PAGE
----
Lecture --Female artists talk about inequities in American culture on April 5
Sex, lies and moral perversion are not the purview of politicians and late night TV hosts alone. Sexism, racism and corruption exist in art, film and popular culture, too, according to the Guerilla Girls, a group of New York-based women artists who will bring their message to Pacific University next month.
The Guerrilla Girls were founded in 1985, when a group of women artists assumed the names of dead women artists and wore gorilla masks in public to conceal their identities and dramatize the issues of injustice. Since then, their numbers have grown and Guerrilla Girls travel the world as feminist masked avengers, working collectively and anonymously, talking, producing posters, billboards, public actions, books and other projects to make feminism and social change funny and fashionable.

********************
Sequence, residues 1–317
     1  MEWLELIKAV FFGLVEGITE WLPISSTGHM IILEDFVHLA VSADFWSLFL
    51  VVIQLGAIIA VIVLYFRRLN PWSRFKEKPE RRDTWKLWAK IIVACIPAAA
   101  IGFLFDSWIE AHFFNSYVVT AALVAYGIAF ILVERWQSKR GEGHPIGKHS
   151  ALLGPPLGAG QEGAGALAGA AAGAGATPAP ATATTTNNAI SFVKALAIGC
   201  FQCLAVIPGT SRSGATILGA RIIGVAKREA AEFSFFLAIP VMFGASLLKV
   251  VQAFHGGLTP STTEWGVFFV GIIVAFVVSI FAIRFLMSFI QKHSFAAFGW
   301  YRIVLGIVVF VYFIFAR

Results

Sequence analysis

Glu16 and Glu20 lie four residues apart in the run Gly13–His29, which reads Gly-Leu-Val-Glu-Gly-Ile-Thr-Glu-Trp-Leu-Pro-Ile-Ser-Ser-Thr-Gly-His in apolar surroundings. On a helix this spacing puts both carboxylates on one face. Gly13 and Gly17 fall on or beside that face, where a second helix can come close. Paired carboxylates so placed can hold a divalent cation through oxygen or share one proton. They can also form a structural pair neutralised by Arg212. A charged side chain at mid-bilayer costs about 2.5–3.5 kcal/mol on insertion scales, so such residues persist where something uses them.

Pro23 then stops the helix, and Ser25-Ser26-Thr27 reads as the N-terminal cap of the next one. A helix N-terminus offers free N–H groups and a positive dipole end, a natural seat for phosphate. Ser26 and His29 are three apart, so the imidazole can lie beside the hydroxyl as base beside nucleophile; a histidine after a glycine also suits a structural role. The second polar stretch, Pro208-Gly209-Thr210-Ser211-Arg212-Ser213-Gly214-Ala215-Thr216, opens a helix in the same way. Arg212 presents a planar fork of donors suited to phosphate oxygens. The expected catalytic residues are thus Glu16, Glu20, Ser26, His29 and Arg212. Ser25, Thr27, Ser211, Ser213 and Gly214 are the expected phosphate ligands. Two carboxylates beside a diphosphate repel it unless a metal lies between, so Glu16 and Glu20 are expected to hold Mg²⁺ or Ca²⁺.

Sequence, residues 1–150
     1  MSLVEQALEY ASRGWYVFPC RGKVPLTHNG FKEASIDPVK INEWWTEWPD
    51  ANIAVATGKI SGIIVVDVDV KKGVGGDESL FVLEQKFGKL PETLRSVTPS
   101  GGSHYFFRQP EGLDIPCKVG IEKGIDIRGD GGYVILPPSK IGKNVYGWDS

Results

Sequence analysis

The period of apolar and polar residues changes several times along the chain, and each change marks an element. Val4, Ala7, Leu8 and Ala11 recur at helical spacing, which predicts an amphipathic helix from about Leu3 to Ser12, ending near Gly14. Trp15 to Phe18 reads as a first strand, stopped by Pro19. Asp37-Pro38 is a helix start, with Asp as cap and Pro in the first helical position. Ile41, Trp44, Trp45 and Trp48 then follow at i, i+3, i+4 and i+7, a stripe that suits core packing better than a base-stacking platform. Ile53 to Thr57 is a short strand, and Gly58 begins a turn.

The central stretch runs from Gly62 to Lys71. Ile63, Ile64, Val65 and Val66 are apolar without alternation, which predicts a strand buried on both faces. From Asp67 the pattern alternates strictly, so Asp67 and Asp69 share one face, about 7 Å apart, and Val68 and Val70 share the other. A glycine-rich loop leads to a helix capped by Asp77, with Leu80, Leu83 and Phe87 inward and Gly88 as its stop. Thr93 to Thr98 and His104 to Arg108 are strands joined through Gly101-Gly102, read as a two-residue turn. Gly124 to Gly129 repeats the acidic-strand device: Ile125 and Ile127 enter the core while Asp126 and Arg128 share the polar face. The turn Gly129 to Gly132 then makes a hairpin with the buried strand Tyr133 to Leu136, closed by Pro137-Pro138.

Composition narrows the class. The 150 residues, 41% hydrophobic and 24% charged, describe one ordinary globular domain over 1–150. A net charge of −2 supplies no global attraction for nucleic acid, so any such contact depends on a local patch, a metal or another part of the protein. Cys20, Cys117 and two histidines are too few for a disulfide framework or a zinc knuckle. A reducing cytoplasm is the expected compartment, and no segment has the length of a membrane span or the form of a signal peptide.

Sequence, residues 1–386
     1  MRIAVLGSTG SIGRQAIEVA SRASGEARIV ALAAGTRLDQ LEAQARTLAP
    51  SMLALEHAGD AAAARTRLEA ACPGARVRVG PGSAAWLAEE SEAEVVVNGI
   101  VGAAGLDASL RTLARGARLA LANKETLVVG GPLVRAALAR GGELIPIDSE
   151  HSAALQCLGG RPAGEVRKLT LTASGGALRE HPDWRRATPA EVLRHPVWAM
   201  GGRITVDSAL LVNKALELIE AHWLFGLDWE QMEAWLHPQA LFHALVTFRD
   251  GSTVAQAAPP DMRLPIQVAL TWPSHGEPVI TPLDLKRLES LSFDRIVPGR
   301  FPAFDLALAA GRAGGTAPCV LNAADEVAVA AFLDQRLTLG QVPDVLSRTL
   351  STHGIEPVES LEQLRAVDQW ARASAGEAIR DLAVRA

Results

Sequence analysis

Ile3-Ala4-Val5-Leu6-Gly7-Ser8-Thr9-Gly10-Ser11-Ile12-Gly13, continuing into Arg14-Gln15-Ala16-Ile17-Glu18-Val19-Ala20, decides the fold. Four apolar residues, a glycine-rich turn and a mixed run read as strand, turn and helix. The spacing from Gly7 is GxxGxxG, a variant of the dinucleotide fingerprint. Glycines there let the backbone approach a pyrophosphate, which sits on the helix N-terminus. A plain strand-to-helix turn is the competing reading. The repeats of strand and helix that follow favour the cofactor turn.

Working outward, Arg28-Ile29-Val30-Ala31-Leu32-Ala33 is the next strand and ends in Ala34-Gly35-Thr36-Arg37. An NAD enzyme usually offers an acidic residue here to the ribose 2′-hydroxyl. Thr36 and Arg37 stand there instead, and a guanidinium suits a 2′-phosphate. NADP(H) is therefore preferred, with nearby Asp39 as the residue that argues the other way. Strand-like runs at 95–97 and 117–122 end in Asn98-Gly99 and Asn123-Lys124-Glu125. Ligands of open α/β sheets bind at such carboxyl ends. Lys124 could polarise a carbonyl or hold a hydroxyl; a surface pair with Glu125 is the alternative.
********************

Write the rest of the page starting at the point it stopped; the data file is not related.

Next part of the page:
Through the use of provocative texts, visuals and humor they expose inequity in the art world, film, politics and pop culture, and create plays, performances, workshops, street theater and residency programs to dramatize their message.
They are authors of stickers, billboards, posters and other projects (including a large-scale installation for the 2005 Venice Biennale) and several books including 'The Guerrilla Girls' Bedside Companion to the History of Western Art,' 'Bitches, Bimbos and Ballbreakers: The Guerrilla Girls' Illustrated Guide to Female Stereotypes' and 'The Guerrilla Girls' Art Museum Activity Book.' In their presentations they talk about their work, their philosophy of activism, and their campaign against the lack of ethics in the art world.
Guerrilla Girls have appeared at more than 90 universities and museums in recent years, and been featured in The New York Times, The New Yorker, Mother Jones and Artforum; on NPR, the BBC and CBC; and in many art and feminist texts.
The Guerilla Girls' Pacific University visit is sponsored by the Center for Women and Gender Equity as part of Four Weeks of Women: Women's History Month.